The Translational Imaging Center in Mattawan, near Kalamazoo, announced Wednesday the arrival of a cyclotron, used in drug development and will be commercially available in May. The particle accelerator is one of two that are active in Michigan — the other is at Michigan State University, says Scott Haller, director of the Translational Imaging Center for MPI Research.
What separates the particle accelerator at the MPI Research global corporate headquarters from others is that it will be connected to facilities that house species including mice and non-human primates. As a result, drug developers will have access to imaging, radiochemistry, and informatics solutions to position their teams to make faster, better informed decisions regarding a drug candidate’s potential, Haller says.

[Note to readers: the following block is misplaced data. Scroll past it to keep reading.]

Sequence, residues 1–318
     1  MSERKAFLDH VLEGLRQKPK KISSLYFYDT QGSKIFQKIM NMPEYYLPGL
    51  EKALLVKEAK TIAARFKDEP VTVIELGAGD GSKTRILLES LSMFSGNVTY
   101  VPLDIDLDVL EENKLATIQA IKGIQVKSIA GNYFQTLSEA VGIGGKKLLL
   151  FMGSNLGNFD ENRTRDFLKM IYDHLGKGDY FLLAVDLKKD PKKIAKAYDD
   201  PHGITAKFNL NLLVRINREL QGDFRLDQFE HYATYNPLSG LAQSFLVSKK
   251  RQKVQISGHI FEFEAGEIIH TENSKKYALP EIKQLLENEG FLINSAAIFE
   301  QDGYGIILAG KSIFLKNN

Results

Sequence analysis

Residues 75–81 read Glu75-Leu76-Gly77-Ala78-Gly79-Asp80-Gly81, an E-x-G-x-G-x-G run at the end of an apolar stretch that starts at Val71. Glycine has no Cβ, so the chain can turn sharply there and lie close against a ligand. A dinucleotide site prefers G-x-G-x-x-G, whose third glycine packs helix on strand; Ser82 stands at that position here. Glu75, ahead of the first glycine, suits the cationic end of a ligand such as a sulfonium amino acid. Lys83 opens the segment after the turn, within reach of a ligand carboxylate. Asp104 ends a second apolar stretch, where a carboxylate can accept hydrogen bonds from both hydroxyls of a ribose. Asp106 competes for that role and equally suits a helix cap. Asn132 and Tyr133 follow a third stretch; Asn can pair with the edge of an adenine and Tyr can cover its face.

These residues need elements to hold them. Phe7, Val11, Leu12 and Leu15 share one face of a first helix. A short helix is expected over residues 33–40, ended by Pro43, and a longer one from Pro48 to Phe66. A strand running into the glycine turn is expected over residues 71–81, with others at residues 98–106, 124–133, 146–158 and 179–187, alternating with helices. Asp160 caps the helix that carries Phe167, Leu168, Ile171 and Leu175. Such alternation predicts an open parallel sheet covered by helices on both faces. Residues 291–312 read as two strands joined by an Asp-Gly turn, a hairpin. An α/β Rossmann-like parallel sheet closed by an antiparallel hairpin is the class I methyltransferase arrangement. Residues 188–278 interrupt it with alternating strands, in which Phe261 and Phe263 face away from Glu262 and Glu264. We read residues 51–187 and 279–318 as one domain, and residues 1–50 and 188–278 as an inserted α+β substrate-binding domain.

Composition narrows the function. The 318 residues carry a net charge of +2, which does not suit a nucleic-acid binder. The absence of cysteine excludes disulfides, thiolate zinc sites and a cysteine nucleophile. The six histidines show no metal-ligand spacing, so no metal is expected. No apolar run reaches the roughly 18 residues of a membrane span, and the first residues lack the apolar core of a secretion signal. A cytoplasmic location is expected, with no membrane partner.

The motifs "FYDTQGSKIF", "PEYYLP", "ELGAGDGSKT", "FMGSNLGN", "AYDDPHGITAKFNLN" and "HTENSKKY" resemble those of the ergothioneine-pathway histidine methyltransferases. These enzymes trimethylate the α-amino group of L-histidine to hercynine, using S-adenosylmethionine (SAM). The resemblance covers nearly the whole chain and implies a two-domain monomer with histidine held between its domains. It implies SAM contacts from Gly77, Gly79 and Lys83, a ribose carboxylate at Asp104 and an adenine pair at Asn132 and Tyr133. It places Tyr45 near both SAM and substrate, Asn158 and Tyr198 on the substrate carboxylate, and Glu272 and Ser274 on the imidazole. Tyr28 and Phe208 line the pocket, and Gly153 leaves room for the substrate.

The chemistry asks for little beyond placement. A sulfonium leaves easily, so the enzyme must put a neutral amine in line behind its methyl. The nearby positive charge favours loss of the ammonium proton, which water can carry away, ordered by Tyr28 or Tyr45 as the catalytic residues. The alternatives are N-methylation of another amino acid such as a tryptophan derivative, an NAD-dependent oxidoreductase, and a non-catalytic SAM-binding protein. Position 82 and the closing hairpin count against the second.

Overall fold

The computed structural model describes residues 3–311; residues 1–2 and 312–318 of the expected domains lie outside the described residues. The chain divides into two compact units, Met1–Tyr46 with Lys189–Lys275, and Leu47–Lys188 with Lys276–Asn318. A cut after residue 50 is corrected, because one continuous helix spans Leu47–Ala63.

“The placement of the cyclotron within the Translational Imaging Center will give researchers timely access to a wide range of isotopes for tracing true performance of promising drug candidates,” says William U. Parfet, MPI chairman and CEO. “This ability, along with our advanced data interpretation abilities, will help drug developers reach key go/no-go decisions faster and more efficiently.”
In related scientific news, the Facility for Rare Isotope Beams, to be built at Michigan State University, received Michigan Strategic Fund approval of an inducement resolution for up to $100 million in private activity bonds. The new facility, which would adjoin the existing National Superconducting Cyclotron Laboratory, will create an estimated 400 full-time jobs over the next 10 years.